In the assessment of the MPS (Ministry of Social Security), the cut in the INSS rate for municipalities could intensify the search by mayors for migration to the general regime as a way of obtaining short-term relief on cash. This movement had already been taking place last year, amid the financial difficulties of municipalities.

Although in the short term migration may increase INSS revenues, in the future the gap will be greater with the payment of more pensions.

“Even before the National Congress’ decision, we spent the whole of last year meeting mayors to find out if there would be Refis [refinanciamento de dívidas] extended, 240 months, others wanting to do the math if it would be worth migrating to the RGPS”, he told Sheet the secretary of the General Social Security Regime, Adroaldo da Cunha Portal.

The CNM (National Confederation of Municipalities) stated that the government’s argument is a “maneuver” to postpone the discussion of city halls’ social security contributions while proposing an intermediate charging model, based on per capita income, population level or wealth — all rejected by the entity.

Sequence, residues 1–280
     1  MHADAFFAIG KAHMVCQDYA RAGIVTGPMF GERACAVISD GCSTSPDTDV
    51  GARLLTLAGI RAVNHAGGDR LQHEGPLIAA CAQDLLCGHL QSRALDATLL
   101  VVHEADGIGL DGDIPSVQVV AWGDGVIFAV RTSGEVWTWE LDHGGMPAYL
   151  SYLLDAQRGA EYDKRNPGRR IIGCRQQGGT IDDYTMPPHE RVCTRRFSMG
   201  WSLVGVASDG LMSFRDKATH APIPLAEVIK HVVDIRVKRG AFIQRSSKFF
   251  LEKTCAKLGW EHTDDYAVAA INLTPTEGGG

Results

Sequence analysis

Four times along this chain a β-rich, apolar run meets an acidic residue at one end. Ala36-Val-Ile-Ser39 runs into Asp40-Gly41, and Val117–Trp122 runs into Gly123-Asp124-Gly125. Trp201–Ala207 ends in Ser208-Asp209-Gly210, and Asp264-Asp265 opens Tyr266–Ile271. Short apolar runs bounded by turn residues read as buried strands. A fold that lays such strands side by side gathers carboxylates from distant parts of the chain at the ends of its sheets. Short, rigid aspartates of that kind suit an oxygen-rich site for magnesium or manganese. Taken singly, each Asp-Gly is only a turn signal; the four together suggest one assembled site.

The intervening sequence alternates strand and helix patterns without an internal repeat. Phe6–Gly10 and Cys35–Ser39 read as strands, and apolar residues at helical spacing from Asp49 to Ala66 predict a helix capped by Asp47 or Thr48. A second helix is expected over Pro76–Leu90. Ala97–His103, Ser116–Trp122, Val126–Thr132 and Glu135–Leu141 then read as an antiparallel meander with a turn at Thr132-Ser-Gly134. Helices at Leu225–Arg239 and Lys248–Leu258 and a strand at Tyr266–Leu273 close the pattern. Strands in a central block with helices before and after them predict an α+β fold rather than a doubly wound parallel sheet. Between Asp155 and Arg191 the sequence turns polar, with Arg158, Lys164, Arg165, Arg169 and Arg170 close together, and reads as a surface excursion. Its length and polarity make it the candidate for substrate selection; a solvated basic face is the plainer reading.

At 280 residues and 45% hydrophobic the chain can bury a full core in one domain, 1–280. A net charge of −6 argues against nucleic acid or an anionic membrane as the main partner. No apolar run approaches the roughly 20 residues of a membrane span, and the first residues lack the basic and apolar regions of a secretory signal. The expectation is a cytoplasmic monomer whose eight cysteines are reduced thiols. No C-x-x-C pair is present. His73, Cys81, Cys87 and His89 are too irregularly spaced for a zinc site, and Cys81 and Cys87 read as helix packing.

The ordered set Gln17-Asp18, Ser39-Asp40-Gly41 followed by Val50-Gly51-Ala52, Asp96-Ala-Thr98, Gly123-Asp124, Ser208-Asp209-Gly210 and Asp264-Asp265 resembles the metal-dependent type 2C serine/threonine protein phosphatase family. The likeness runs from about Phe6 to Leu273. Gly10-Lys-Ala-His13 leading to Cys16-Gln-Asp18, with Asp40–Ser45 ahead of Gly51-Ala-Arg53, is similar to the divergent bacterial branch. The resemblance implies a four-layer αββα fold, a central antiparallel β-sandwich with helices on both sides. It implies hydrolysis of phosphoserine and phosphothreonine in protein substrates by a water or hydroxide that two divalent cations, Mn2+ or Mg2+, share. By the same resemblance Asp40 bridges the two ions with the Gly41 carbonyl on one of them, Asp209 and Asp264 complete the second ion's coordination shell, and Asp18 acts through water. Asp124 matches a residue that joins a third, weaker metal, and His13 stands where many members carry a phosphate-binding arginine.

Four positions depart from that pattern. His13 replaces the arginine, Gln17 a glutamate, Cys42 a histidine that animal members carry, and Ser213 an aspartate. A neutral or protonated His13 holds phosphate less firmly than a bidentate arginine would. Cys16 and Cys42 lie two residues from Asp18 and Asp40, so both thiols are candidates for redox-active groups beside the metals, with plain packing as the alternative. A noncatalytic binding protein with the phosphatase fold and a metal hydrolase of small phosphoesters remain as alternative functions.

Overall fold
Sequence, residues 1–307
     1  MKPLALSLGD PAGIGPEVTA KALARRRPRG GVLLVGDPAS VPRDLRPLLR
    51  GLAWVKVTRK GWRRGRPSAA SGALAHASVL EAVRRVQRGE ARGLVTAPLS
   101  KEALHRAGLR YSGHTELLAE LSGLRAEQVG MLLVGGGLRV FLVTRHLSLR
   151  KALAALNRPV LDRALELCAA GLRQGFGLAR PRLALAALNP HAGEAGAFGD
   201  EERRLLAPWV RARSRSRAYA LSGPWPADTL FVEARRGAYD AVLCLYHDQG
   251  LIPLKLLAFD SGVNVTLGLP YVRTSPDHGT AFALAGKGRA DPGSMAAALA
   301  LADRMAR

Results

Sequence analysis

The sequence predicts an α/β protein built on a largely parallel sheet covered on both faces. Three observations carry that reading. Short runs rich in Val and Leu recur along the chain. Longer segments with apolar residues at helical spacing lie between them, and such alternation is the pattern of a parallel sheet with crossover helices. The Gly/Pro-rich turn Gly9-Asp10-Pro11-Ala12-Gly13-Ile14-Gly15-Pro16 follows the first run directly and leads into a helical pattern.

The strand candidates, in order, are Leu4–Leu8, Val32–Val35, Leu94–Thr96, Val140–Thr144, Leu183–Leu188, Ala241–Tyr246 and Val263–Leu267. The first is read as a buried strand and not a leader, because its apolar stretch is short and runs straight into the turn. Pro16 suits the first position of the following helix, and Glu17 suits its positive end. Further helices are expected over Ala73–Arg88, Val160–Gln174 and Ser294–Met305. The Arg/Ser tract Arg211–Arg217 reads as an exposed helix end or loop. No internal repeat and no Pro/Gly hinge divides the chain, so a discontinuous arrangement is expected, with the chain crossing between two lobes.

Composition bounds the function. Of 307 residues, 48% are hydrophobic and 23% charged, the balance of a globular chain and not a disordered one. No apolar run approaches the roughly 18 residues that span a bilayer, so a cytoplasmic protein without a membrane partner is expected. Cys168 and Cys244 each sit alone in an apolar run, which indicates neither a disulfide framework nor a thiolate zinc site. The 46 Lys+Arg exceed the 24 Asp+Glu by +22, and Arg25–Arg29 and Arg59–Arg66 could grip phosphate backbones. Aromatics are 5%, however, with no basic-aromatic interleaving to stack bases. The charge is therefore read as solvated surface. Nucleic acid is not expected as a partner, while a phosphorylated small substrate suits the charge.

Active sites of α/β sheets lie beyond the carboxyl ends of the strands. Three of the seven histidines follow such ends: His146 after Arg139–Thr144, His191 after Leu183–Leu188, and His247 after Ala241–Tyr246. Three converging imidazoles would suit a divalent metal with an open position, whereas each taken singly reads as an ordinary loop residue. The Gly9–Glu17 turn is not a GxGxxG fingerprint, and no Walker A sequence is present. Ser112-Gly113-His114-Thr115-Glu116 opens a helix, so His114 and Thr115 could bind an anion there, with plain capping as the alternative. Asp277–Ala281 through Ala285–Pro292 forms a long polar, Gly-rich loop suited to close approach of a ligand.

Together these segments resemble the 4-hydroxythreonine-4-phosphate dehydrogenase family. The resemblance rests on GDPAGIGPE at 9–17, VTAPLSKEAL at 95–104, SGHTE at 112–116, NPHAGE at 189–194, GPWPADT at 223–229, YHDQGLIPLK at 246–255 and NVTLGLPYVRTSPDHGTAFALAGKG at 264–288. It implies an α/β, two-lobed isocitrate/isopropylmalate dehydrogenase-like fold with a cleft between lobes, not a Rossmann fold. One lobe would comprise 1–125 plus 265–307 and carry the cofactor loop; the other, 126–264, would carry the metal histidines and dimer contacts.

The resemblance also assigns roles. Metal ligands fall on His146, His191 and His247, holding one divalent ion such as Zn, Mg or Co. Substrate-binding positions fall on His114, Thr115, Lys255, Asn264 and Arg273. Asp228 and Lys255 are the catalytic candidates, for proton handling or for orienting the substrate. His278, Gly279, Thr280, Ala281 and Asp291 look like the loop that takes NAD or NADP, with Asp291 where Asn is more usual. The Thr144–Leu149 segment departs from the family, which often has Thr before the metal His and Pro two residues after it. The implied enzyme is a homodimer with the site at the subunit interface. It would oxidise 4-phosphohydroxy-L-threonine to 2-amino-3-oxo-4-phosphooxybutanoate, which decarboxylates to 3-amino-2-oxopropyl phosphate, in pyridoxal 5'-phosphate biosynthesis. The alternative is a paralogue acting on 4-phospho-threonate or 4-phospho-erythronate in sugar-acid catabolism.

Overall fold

According to a preliminary assessment by the government, 1,950 municipalities with their own Social Security systems (91% of the total) are maintained by cities with up to 156.2 thousand inhabitants and could benefit from the reduced INSS rate in the event of migration.

Any transfer would not exempt them from commitments, such as paying the INSS everything that has already been collected for that group of insured people (the so-called social security compensation) or paying for benefits already granted by the own regime.